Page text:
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JKH1232


Member since 03 September 2010 | Blog

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Comment 26 May 2016

Of course, the slimy fuck didn't even have the balls to tell his team of losers in person, either.

Comment 18 May 2016

Art Briles is a scumbag 'Southerner' 

...What does where he's from have to do with anything, exactly? 

Comment 16 May 2016

Well, Napoleon's defeat at Waterloo is due to a lot of factors: his troops were not of very good quality, to start.  In 1815, he had few long standing veterans, some vets of 1813-14, and a lot of young, enthusiastic volunteers.  His commanders were not the best- many of his marshals decided to sit out the Hundred Days, and the two best who came along- Davout and Murat, weren't anywhere near the army.  As we'll see when we get to the Hundred Days, the Prussians recovered much more quickly from their defeat at Ligny than he expected. 

To be honest,a lot of the tactics the British used in the era were things that Frederick the Great or Daun would have recognized as perfectly normal- linear formation, a concentration of rapid, disciplined fire, the use of double lines, and the army organization.  The use of reverse slopes were known, but not as common on the battlefield before this.  As far as the British were concerned, rifle regiments and light companies weren't all that new, either- they started introducing them in the 1770s because of their experience in America and India.  Also, Napoleon had defeated these sorts of tactics before, too.  

Waterloo just wasn't his day.  Of course, even if it had been, it probably wouldn't have mattered much.

Comment 15 May 2016

The Iron Duke didn't make up his tactics for Waterloo on the spot,t hat's for sure.  And, as I'm sure you've surmised, a lot of Wellington's battles are going to look a lot like Waterloo.  I mean, if it works, why change?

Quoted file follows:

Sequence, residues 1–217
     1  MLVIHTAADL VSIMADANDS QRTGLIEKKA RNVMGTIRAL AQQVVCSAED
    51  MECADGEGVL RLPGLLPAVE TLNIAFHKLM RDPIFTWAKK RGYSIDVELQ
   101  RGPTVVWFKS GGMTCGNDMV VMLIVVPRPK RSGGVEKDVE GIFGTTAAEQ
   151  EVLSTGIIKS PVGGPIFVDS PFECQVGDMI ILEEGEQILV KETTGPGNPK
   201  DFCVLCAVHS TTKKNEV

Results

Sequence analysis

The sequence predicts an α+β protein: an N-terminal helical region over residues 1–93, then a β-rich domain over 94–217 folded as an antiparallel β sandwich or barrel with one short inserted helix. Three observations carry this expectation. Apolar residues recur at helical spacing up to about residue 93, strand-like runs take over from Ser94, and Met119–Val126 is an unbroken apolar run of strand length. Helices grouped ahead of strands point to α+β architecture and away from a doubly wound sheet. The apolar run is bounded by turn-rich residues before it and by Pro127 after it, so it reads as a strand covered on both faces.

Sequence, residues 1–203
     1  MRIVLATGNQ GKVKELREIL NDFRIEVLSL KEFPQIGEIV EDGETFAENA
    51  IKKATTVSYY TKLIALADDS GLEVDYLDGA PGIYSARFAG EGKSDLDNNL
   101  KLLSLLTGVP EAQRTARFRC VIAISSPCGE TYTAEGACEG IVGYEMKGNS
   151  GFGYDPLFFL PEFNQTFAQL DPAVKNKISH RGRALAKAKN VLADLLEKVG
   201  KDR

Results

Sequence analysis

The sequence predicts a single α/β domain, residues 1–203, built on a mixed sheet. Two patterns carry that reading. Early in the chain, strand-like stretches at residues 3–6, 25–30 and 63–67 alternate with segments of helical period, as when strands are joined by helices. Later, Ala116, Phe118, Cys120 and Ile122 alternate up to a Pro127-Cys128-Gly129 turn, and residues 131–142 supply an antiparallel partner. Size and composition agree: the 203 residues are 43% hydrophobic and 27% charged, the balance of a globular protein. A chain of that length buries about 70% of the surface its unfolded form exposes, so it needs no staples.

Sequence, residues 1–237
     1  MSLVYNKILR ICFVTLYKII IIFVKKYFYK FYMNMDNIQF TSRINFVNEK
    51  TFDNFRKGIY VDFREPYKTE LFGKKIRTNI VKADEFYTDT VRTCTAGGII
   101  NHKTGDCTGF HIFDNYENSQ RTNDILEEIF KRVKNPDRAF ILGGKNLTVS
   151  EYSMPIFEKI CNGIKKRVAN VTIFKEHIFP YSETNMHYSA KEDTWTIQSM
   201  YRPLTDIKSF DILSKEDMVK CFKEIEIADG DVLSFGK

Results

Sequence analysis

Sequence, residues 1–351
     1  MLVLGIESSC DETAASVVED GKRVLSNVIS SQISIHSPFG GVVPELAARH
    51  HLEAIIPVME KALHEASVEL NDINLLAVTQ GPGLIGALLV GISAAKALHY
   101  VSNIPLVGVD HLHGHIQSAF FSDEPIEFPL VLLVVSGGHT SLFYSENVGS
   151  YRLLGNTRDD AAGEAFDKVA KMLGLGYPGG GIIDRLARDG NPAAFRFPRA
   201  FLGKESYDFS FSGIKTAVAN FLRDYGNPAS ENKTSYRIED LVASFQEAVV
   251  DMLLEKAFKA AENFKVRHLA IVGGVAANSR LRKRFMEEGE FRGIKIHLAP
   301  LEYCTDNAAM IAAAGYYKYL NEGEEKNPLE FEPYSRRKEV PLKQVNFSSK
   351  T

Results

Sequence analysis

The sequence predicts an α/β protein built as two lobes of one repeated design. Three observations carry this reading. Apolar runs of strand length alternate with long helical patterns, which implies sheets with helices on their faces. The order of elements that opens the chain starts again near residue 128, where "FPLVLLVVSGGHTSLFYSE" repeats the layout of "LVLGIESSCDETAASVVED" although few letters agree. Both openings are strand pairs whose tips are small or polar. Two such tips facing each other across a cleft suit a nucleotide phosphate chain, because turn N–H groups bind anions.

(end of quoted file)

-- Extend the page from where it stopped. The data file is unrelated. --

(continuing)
Comment 15 May 2016

While I haven't seen the movie, my understanding is that the Light Brigade's Charge was a result of severe miscommunication, intelligence failures, some good old fashions goof-ups, and similar issues.  They may have altered some things for the movie- it's not uncommon to make someone out to be the "bad guy" when they just made a mistake or have mitigating factors for the sake of a story.  So, I suspect it's overall correct, but details may have been exaggerated or left out to give you characters, or simplify events, or there may be composite characters, too.  

A classic example of this is in Zulu- the Sergeant Major in the movie is a stereotype straight out of Central Casting.  The real SM at Roarke's Drift was the youngest in the army, clean shaven and something less of a personality.

Comment 15 May 2016

It was a very important war- for a lot of reasons that don't quite fit into the series, unfortunately.  It also had a serious impact in Latin America, unsurprisingly, and on how popular revolts work in the modern era, too.

Comment 15 May 2016

Things really are getting started.  Truthfully, there's so much on the Peninsula that I can't cover it all- I'm mostly focusing on Wellington's campaigns just to have some order.  But the disorganized nature of the Spanish resistance to the French made it an all over the place affair.  

On another note, glad you like it!

Comment 02 May 2016

I think a lot of the blame/praise can go a few directions.  Lannes, for one, for holding his ground and pinning the Russians in place, allowing everyone to rush to his aid.  Napoleon did a good job of indentifying the weak point in the Russian formation.  But, I think Benningsen is rather the goat, either for not moving fast enough to crush Lannes, and wasting the afternoon not withdrawing once he realized Lannes was getting lots of reinforcement- once his concept of the battle (Beat up on a detachment on the French army) went out the window, he should have stuck Bagration out front and pulled back over the bridges to the other side of the Alle.

Comment 01 May 2016

Depends on how you want to define it, I think.  The 1812 campaign, for example, is a rather skillful execution of a strategic plan, in my book.  (The French actually outnumbered the Russians when they crossed the Neiman.)  And the Red Army in 1944-45, while it had a numeric advantage on the Germans, also had an excellent operational and tactical system that it ran very well.  Now, both of those armies also were very accepting of casualties, too- but, Russian military thought has always embraced their large population as a strategic asset to be used properly.

Comment 25 Apr 2016

It's a lesser known battle, for sure.  The charge is rather impressive- we'll see a few more big ones before Napoleon's done, too. (Waterloo comes to mind)  I can't imagine what 11,000 horses at the gallop even sounds like.  Of course, there's also the 20,000 Winged Hussars at Vienna, for an awesome looking charge.